dinner church - sundays @ 5:30pm

We like to move it, move it

Matthew 28:16-20

Now the eleven disciples went to Galilee, to the mountain to which Jesus had directed them.  When they saw him, they worshipped him, but some doubted.  And Jesus came and said to them, “All authority in heaven and on earth has been given to me.  Go therefore and make disciples of all nations, baptizing them in the name of the Father and of the Son and of the Holy Spirit, and teaching them to obey everything that I have commanded you.  And remember, I am with you always, to the end of the age.”

I wonder how you have experienced God.  In what small moments and grand waves have you encountered the divine in your life?

I know I have come close to God in the wind the scatters seeds of vibrant wildflowers across the plain or a breeze that offers refreshing relief on a hot summer day. I have experienced God that fills the lungs of my screaming 6 pound daughter at the beginning of life and received the last breath of my grandfather to graciously greet him at the end.  This is a God that speaks and whose word is powerful enough to create out of nothing, to conjure up the towering redwoods and the soft petals of a bloom that pushes its way through the cracks of an urban sidewalk. Perhaps you have experienced God in the phone call of a friend who just wanted to say “hey”, but their timing was somehow just what you needed. Perhaps you have experienced God in the voice of bystanders who stand up to bullies with their off-color jokes, their rants, or their chokeholds and say, “that is not how you treat a child of God.”  

It is God who inspires the voice of prophets and caring friends, who is present in our inmost being and the heart of those who forgive us our shortcomings.  This is a God that stirs us up and gives us courage beyond our own hope.

The Trinity by Kelly Latimore -

The Trinity by Kelly Latimore -

The Gospel writer is reflecting on this question of how we have experienced God.   We can’t fully wrap our minds around all that God is, but we know that we experience God as Father, as Son, and as Holy Spirit…as Creator, Redeemer, and Sustainer.  Throughout the arc of time and place, we experience one God in three. Words fall short of capturing the profound truth in this vast mystery.  We come up with metaphors to try and expand on and quantify its meaning, but they can’t measure up.  Our analogies are anemic.  Maybe you have heard some of these.:  The trinity is like water which can take on three forms: gas, liquid , and solid…but that doesn’t quite fit. The trinity is like a star where you have the object, it’s light, and the radiant heat…but that doesn’t really work either. The best I could ever come up with is that the trinity is like a 3-in-1 shampoo, conditioner, and body wash.  I mean, technically, it is all three at once but it’s not actually good at any of those three functions. All of these analogies miss the mark.  These are all feeble attempts to contain multitudes.  But aren’t you glad that God is bigger than a single metaphor about an apple?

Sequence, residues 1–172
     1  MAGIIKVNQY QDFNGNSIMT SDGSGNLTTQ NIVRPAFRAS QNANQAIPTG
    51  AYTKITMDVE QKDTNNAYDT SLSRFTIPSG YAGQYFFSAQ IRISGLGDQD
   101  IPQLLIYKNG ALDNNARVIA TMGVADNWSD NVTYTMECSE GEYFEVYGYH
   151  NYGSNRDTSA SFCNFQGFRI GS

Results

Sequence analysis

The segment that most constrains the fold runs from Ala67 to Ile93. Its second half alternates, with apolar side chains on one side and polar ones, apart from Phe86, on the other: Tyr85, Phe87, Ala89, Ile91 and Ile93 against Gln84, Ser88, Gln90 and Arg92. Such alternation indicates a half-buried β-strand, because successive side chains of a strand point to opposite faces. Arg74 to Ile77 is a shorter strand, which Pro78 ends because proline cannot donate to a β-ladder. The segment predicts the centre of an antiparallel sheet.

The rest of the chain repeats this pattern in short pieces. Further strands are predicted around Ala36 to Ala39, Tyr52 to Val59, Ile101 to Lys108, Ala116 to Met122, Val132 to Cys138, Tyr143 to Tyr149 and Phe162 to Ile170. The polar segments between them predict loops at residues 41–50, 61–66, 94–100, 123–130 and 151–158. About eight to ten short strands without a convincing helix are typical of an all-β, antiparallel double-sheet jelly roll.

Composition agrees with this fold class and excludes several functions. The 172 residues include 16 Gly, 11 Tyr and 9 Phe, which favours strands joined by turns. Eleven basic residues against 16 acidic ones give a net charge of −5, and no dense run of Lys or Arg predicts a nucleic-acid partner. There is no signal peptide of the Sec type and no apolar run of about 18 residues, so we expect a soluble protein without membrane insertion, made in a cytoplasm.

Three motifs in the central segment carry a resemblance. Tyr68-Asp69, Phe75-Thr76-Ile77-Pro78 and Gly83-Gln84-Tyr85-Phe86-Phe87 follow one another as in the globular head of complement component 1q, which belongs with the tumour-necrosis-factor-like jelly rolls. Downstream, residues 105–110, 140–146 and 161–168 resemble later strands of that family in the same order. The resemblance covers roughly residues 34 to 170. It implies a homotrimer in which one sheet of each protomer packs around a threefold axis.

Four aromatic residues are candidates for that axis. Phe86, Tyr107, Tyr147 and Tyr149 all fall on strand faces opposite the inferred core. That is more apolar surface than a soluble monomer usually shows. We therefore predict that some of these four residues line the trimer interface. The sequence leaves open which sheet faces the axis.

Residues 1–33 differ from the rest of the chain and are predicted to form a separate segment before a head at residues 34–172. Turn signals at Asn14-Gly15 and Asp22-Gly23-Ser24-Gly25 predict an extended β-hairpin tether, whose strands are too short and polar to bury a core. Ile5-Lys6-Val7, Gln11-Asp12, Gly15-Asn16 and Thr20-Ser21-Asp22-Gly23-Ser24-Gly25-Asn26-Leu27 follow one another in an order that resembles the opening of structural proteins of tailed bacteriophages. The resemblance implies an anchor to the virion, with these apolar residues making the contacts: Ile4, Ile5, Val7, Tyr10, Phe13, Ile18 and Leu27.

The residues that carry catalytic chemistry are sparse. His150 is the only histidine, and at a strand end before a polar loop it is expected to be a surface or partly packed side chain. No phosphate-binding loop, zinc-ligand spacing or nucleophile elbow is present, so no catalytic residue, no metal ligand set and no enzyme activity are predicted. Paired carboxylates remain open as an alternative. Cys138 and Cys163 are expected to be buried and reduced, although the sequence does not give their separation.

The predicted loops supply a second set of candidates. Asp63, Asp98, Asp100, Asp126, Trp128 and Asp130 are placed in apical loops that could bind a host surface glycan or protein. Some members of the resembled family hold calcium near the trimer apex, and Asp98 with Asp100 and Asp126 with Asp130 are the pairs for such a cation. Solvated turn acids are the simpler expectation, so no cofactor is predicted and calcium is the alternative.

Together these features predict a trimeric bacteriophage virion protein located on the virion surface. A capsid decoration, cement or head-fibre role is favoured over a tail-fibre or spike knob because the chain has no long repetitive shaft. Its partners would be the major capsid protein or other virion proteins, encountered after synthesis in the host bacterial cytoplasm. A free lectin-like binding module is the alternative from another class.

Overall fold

The questions we get to wrestle with alongside the disciples today are big ones.  Who is God? And what does that mean for us? What does that mean for us as people created in God’s image?

 The nature of God who is three in one is not an object we can nail down, but an event that continues to unfold.  While the doctrine of the trinity is static, the nature of the trinity is dynamic. The nature of the trinity is community, communion, relationship. The nature of God is relational, is moving, is love. The nature of God is this flowing, in and out and in between. What the great commission points to is God as an event - an ongoing event; a happening - a happening right now.  Some thinkers have invited us to imagine the trinity, to imagine the nature of God as a dance.

The Trinity by Eugene Salandra

The Trinity by Eugene Salandra

What an intriguing way to respond to the question of who is God?  God is a bachata, a waltz, a haka. God is responsive, moving with the fullness of life and the intimacy of shared love….in community.

Somehow all of God is distinct, yet fully one.  Each dances in their own way, and yet it is one dance.  They are distinct and they do not lose their uniqueness and yet they are completely a part of each other.

This gives us a glimpse into the God who is bigger than we can hope.  This gives us an image who God is by how God is. This is the image we were created in.  This is the way of being that grounds our commission, our life together as children of God and as God’s church.  This is what we are called to baptize others into.  Because we find our rest and our roots in the God who rules over all of creation, therefore we baptize in the name of this expansive three in one.  We baptize in God’s name.  We baptize in the name of the trinity, not in our name.  We point to hope in the relationship of God, not just in our limitations. In baptism we are invited into the dance, the mystery, into the abundant wonder and joy.